Red wine helps oral health
Studies in Italy have shown that chemicals in red wine called proanthocyanidins, phytonutrients found in foods like grapes, apples and chocolate that have antioxidant properties, seem to prevent the bacteria Streptococcus mutans, which causes tooth decay, from sticking to saliva and teeth.
Italian researchers removed the alcohol from a high-quality Italian red wine, then added the nonalcoholic red wine to cultures of S. mutans in saliva, saliva-coated extracted teeth and saliva-coated calcium ceramic beads. They found that the addition of the wine prevented the bacteria clinging to the saliva and the teeth.
The Italian researchers say they would like to study the effects of grape juice on S. mutans in the future.
Research conducted at Cornell University in New York and in Canada found that polyphenols, or chemicals in grape seeds and red wine that help neutralize the damaging effect of damaging free radical atoms in the body, seem to help limit inflammation caused by gingivitis, or bacterial infections of the gums. Limiting inflammation may also protect against periodontal disease, a more serious form of gingivitis that can lead to tooth decay or tooth loss.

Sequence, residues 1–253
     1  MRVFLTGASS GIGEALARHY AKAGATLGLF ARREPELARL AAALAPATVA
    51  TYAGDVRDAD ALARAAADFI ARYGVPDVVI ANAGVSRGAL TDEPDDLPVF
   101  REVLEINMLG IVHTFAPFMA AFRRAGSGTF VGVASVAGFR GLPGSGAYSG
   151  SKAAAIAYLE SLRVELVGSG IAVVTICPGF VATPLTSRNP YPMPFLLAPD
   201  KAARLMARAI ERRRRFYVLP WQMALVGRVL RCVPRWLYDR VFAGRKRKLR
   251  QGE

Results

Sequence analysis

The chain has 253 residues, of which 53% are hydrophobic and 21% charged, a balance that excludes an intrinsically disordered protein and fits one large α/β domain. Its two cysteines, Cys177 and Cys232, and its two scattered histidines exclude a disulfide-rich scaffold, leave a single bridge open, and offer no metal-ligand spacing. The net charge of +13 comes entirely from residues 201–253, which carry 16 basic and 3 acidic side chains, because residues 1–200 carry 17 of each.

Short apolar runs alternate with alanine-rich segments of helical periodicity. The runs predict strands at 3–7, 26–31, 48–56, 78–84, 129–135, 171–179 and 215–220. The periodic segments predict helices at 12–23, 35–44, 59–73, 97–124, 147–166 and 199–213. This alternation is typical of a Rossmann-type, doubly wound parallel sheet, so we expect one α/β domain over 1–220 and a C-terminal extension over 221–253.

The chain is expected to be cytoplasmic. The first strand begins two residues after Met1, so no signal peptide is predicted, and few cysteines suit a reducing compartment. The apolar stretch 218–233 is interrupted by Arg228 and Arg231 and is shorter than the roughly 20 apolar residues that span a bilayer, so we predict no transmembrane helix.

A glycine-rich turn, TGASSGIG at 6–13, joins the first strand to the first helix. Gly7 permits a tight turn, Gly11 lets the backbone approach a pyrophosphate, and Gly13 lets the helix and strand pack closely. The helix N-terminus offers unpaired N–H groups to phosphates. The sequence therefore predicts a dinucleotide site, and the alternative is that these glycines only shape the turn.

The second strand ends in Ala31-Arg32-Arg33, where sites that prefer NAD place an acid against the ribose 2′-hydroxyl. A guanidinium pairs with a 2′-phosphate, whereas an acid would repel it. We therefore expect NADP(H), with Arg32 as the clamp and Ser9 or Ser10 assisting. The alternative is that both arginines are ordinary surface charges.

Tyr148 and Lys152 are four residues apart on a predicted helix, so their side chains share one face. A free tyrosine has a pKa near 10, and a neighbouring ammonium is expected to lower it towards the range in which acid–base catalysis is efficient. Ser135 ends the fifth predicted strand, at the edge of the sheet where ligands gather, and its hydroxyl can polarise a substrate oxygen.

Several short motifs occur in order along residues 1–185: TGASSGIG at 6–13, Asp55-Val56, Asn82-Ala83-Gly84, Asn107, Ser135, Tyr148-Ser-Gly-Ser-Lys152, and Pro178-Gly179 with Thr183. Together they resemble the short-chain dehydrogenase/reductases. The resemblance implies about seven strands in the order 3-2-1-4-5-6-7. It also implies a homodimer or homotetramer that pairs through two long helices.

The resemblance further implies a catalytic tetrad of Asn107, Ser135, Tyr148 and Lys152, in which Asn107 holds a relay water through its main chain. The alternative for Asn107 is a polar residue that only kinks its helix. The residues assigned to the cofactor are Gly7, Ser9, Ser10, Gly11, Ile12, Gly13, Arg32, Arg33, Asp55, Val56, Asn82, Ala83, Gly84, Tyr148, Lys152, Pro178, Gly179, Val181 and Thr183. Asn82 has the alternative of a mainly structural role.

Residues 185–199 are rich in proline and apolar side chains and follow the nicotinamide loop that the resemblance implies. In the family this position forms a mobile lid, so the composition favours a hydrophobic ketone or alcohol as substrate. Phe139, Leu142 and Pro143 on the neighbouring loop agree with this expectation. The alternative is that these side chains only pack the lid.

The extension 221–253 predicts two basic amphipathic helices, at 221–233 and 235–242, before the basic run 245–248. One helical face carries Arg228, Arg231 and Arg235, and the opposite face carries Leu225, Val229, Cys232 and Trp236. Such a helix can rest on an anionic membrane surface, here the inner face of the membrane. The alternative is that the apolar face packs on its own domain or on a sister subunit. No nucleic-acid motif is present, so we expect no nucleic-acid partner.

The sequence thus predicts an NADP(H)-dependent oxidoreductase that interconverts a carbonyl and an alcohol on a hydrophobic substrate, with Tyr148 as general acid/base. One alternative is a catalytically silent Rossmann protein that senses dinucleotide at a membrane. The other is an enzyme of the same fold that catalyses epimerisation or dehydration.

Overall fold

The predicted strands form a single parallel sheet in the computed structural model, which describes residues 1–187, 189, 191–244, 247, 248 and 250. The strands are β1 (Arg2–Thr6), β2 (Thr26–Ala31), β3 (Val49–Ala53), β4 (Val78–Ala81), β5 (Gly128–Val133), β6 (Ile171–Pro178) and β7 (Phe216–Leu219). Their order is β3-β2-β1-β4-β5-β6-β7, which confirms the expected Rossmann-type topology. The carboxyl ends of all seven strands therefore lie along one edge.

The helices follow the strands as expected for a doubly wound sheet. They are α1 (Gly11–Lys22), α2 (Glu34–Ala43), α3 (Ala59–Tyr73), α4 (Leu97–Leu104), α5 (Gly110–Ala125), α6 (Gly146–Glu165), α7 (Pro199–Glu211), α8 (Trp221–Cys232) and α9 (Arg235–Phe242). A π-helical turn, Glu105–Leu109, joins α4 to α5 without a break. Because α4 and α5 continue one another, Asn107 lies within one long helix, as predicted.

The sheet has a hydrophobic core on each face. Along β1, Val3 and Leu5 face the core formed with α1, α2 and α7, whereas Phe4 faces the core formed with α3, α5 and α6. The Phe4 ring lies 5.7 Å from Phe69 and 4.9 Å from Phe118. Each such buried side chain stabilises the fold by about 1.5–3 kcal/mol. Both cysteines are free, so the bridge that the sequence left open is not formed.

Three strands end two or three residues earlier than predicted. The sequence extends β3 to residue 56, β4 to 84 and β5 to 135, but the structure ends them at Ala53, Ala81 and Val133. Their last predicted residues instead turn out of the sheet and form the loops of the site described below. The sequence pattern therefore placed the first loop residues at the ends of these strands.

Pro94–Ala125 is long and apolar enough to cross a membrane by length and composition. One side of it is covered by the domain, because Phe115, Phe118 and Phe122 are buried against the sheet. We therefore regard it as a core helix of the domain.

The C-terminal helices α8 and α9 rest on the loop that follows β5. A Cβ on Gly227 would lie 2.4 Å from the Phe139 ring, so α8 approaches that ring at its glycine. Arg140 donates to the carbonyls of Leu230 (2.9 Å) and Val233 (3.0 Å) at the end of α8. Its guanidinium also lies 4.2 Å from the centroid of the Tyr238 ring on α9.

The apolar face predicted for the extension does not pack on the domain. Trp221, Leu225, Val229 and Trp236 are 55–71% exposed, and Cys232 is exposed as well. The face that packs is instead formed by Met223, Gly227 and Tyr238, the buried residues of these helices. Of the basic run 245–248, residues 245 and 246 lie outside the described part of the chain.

"Our findings demonstrate that red wine polyphenols have potent antioxidant properties," concluded the study authors from the Université Laval in Quebec, Canada.
Research isn't as clear about benefits of white wines, and some researchers say the high acid content of white wine might erode tooth enamel.
The American Dental Association offers consumers more information on the connection between a healthy mouth and a healthy body and recognizing, treating and preventing gum disease (http://www.ada.org/sections/publicResources/pdfs/patient_61.pdf) and information on diet and oral health (http://www.ada.org/2984.aspx?currentTab=1) on ADA.org.
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